Transcript Video 2: An introduction to work health & safety management (Chapter 4)

In this video we are going to consider why health and safety isn’t consistently implemented both between organisations and between countries around the world.

So, at the organisational level, why might one organisation be very proactive about work health and safety (doing wellbeing for example) and another may only do the minimum or try to avoid any focus on worker safety?

Some factors to consider might be:

  • Size – the number of employees and/or the financial capacity might affect work health and safety management. For example, a small business might have a different practical approach towards work health and safety compared to a large organisation (even if both organisations are trying their best to protect their workers).
  • Danger – Some jobs might be physically or psychologically more dangerous than others. It might be physically more dangerous to work in a mine compared with working in an office. It might be psychologically more dangerous to work as an air traffic controller due to stress than being a shop attendant (unless you have problems with your customers!!!). So some businesses – just to get the job done – may need a stronger safety focus than others.
  • Legislation – different parts of the world have different laws so work health and safety requirements might just be different

So, there may be some scenarios where an employer could get the job done more cheaply without safe work practices (perhaps in a developing country without legislation and with many available workers), alternatively, in a knowledge economy (where employees are valued for thoughts and ideas) an employer might want to support wellbeing as they require relaxed and thriving employees to achieve the company’s aims. Every situation and response to work health and safety will be different.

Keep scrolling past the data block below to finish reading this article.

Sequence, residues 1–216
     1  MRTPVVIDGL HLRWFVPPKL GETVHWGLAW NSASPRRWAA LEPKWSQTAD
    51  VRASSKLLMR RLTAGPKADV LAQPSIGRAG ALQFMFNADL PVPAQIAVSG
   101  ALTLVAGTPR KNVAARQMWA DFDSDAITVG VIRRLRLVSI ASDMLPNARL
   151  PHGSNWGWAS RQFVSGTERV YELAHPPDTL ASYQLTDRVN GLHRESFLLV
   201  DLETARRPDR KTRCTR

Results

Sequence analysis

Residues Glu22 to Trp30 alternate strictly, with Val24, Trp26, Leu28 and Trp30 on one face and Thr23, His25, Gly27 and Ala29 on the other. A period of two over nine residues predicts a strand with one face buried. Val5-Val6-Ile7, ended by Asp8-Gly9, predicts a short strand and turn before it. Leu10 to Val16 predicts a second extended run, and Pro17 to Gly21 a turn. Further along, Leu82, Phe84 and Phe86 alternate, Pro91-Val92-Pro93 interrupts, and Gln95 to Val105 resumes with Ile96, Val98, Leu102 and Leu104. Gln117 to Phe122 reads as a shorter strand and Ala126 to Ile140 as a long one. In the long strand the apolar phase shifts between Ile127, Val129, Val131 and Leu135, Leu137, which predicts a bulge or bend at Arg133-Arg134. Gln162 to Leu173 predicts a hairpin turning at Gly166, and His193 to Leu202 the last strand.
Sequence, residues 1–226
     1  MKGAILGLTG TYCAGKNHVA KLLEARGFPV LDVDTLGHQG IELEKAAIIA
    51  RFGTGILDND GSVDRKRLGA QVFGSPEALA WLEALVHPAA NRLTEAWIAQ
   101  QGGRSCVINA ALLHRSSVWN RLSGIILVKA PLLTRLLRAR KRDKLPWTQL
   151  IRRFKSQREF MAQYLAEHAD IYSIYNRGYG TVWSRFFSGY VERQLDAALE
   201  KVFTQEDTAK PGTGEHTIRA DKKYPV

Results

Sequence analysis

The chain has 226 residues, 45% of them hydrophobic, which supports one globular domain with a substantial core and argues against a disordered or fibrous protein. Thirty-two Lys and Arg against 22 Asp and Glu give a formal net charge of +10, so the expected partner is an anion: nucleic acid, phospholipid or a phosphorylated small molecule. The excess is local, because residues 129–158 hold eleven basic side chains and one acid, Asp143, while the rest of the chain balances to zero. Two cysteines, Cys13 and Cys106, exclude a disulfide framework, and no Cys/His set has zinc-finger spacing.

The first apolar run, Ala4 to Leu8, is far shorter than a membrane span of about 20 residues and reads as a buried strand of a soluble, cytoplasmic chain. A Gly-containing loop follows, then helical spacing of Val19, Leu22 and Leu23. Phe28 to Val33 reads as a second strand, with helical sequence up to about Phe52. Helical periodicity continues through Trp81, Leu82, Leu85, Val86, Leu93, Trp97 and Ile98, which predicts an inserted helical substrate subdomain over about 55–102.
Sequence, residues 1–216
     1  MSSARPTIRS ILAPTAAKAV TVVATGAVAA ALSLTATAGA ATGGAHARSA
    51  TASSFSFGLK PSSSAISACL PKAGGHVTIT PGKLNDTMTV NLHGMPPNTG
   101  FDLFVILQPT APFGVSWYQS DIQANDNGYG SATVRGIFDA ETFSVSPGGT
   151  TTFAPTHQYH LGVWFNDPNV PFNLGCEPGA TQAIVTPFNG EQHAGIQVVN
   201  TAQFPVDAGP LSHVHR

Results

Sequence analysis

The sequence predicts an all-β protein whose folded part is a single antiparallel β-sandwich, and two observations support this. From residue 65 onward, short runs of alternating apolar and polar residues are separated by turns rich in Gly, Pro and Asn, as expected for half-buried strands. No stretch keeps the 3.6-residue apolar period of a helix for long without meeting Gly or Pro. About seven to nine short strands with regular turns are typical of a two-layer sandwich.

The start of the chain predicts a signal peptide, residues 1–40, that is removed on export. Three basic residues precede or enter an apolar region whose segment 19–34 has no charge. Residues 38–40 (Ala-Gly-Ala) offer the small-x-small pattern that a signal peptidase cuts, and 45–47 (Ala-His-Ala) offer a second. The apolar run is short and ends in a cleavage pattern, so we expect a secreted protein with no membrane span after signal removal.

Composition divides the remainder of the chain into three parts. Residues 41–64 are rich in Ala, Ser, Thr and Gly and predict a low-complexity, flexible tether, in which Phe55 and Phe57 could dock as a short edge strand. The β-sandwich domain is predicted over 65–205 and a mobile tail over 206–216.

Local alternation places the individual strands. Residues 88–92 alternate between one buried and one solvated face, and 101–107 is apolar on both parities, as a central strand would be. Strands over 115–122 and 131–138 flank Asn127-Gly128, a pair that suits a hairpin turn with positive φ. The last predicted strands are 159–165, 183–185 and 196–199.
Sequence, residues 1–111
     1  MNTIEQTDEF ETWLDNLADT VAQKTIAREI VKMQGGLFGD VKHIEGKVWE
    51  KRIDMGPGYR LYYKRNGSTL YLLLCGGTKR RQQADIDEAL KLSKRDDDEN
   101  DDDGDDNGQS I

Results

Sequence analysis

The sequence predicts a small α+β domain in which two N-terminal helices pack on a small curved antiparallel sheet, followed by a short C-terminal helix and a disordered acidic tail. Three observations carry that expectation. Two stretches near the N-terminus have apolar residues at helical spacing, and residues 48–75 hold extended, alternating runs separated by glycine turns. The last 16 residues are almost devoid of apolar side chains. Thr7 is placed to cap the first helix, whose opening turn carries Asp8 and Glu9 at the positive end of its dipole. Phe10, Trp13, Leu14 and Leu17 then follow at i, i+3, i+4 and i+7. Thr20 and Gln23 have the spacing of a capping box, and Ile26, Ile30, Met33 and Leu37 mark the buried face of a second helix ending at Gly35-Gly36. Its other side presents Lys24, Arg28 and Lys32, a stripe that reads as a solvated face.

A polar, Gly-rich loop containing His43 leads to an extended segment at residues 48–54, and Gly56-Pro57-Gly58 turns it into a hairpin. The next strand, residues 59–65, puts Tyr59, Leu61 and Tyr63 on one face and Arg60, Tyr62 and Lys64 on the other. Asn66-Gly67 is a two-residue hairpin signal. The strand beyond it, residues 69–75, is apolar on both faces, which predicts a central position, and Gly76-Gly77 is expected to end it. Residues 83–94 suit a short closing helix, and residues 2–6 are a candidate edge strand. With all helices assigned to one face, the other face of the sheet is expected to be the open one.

Likewise, employees come with different attitudes towards work health and safety. Firstly, consider their varied past experiences – perhaps they have ‘gotten away with’ doing a dangerous practice successfully many times in the past (like the employee who takes a shortcut across the factory floor to leave work 5 minutes earlier to make sure they get to catch their bus) or perhaps the employee is very safety conscious (they may have seen someone having a serious injury at work and experienced the consequences of that loss) and are now safe work champions.

You can already probably tell from these scenarios that another key factor influencing work health and safety in an organisation are employer and employee values – the attitudes and beliefs towards work health and safety that either prioritise it or deprioritise it in a particular business.

Values and goals are a bit tricky because in an organisation there is a combination of top-down values or priorities but also bottom-up behaviours – what the employees think and do.

To try to explain why people might have different values and goals towards work health and safety Hopkin’s proposes his ‘Binary Approach’.

Hopkin’s suggests that you either blame-the-victim (and believe that the worker causes the situation and/or injury) or you blame-the-system (and believe that the situation and/or injury occurred because of an error in the safety management system). Put simply, you either tend to blame the worker or blame the manager!

Every decision from then on is based on which of these two approaches you have towards work health and safety management and, subsequently, create a proactive or reactive safety culture.